A federal trial begins this week for an Uzbek refugee charged with supporting a terrorist organization.

Fazliddin Kurbanov, a Russian-speaking truck driver who fled Uzbekistan in 2009, was arrested in 2013 by federal authorities who said he was teaching people to build bombs to target public transportation.

A new effort to bring together Idaho police, leaders from Muslim and refugee communities, and advocacy groups including the American Civil Liberties Union (ACLU) is underway in Boise. U.S. Attorney Wendy Olson said Friday in a press release that a meeting this week between the various groups was the first step in building stronger connections. 

Courtesy of WashingtonInstitute.org

The recent terrorist attacks in Paris, France that claimed 17 lives sent shock waves around the world and heightened concerns about growing tensions between Islamic extremists and the West.

Aaron Zelin, is an expert on global jihadist groups, and he researches global terrorist organizations such as ISIS, how they operate and how they are changing. 

David Nevin
Screengrab from '60 Minutes'

Five years ago, Boise defense lawyer David Nevin announced he would defend accused terrorist Khalid Sheikh Mohammed. Mohammed is considered the mastermind behind the September 11, 2001 terrorist attacks. Mohammed along with other accused 9/11 terrorists are being held in Camp 7 at Guantanamo Bay, Cuba.

Courtesy of Sen. Mike Crapo's office

Memorials were held Wednesday in Idaho and around the country to mark the 12th anniversary of the 9/11 terror attacks.

Idaho Senator Mike Crapo spent some time Wednesday remembering the confusion and fear of that day.

He was in the U.S. Capitol on September 11, 2001 when officials decided to evacuate the building. “There was a concern that the plane that ultimately crashed in Pennsylvania was headed toward Washington D.C," remembers Crapo. "As we evacuated, there was a tremendous amount of anxiety and fear and confusion among the people."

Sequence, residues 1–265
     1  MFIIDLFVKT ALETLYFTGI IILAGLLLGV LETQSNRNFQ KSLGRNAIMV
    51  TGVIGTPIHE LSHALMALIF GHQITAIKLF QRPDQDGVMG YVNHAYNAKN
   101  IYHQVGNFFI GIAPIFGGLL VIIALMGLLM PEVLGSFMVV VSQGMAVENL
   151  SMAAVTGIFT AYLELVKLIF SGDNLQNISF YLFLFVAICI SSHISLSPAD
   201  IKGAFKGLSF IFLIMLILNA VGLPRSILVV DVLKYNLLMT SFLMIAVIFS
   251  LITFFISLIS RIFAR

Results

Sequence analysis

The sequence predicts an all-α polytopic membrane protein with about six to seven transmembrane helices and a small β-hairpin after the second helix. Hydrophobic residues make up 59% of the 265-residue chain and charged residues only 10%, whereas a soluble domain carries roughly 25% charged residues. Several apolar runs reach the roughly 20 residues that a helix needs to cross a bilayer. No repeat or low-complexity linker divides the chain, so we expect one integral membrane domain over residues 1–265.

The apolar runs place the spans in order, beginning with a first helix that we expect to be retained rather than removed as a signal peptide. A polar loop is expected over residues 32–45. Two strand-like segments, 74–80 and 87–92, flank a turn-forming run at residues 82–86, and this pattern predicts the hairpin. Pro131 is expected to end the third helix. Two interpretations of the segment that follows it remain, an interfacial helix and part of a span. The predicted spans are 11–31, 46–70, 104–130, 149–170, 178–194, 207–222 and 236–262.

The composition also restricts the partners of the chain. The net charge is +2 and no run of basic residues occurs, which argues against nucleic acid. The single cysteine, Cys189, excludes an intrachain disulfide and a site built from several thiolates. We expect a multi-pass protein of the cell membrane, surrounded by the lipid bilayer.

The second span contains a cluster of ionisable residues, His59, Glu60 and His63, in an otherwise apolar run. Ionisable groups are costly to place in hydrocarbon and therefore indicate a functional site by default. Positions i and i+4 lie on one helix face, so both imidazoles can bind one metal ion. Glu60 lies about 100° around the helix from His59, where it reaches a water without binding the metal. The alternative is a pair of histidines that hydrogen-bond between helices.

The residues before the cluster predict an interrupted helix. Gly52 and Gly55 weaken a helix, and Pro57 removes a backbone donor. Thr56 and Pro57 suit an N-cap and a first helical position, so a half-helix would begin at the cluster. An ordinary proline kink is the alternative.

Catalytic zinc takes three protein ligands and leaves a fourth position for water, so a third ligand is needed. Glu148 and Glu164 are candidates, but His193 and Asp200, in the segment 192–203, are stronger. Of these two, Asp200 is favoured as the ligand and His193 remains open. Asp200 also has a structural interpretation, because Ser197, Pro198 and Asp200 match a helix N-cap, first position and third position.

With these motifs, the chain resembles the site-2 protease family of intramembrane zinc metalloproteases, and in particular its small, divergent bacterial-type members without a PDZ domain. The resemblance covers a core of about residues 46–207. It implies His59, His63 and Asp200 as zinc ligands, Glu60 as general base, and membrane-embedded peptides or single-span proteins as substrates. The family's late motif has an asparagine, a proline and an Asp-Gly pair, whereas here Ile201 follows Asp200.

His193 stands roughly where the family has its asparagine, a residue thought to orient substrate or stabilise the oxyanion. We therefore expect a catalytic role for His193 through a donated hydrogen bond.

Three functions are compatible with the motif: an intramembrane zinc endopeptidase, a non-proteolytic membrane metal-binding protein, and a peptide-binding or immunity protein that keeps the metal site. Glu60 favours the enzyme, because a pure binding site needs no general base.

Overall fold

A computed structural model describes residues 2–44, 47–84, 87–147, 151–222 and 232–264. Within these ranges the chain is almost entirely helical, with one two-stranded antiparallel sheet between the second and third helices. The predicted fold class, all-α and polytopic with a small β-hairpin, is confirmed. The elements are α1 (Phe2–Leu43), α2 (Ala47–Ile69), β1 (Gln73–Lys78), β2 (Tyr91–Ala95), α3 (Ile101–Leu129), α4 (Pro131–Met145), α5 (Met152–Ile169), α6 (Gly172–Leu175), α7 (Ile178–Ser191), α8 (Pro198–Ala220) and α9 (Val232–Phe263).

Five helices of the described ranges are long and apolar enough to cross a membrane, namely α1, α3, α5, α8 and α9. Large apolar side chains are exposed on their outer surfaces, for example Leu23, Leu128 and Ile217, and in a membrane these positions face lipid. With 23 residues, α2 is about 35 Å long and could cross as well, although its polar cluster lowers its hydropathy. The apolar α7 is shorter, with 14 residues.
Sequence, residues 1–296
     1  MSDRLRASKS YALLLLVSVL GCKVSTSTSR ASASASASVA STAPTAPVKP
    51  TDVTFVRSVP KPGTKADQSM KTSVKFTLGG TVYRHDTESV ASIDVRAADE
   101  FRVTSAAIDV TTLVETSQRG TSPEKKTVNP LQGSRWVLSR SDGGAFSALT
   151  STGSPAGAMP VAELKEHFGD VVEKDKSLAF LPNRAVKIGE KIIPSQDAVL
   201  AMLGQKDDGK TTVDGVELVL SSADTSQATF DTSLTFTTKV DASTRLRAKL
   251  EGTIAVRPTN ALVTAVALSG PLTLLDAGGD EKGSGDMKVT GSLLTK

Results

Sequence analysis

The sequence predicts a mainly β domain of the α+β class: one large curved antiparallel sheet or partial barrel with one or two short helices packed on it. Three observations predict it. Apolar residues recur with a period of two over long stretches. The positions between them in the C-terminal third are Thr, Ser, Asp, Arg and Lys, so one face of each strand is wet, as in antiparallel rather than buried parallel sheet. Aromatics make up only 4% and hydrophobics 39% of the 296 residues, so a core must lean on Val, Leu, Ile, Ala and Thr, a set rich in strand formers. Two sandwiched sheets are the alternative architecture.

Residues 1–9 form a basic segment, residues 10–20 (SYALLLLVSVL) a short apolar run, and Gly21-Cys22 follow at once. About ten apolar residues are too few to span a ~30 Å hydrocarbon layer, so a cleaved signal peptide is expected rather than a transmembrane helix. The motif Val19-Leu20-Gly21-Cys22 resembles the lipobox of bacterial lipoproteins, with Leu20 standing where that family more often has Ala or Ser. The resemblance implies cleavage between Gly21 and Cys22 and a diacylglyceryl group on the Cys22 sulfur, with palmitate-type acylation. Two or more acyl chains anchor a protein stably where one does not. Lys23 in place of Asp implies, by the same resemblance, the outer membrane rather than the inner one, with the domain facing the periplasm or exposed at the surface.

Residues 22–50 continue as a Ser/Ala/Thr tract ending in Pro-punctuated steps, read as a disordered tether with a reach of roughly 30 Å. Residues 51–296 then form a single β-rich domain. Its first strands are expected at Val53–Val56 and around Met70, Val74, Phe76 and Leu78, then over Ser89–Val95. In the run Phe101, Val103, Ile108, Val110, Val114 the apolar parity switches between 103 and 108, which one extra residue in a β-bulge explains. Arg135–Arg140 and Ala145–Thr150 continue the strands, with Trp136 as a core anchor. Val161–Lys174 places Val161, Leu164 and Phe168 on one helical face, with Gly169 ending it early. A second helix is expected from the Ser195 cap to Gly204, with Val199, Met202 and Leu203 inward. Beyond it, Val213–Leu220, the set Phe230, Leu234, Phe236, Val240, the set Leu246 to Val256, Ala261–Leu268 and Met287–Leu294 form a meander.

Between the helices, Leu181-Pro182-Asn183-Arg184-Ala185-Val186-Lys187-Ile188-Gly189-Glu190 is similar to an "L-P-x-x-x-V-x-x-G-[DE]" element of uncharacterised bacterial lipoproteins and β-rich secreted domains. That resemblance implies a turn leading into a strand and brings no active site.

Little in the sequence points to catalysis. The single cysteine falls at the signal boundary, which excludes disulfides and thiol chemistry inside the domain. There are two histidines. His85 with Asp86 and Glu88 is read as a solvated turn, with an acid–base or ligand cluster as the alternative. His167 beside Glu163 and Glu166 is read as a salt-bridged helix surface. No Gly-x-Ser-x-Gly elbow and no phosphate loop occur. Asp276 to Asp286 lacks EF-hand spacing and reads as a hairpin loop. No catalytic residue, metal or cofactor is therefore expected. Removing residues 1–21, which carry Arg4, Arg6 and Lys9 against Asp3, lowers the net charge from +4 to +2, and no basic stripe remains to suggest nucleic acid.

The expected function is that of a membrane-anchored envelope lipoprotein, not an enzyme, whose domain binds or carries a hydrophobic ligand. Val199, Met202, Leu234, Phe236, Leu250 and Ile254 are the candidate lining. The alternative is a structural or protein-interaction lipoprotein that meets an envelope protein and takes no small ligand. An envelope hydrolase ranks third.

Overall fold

A federal judge has delayed the trial of an Uzbek national arrested in May on terrorism-related charges after prosecutors said the case was too complex to argue it in court this month.

Fazliddin Kurbanov, a refugee living in Boise who has pleaded not guilty to all charges, now faces a trail set to start July 1, 2014.

He's defending himself against allegations including that he helped teach people to build bombs to target public transportation.

The 30-year-old's case had been due to go to trial on July 2.

Fazliddin Kurbanov Sketch
Ward Hooper / Idaho Statesman

Lawyers for an Uzbek national facing federal terrorism-related charges in Idaho and Utah want a judge to let them withdraw from the case, saying federal budget cuts have left their office with too few resources.  

Fazliddin Kurbanov, 30, of Boise, has pleaded not guilty to charges involving teaching people to build bombs.

Court-appointed attorneys Richard Rubin and Thomas Monaghan, of Federal Defenders Services of Idaho, are seeking appointment of new counsel.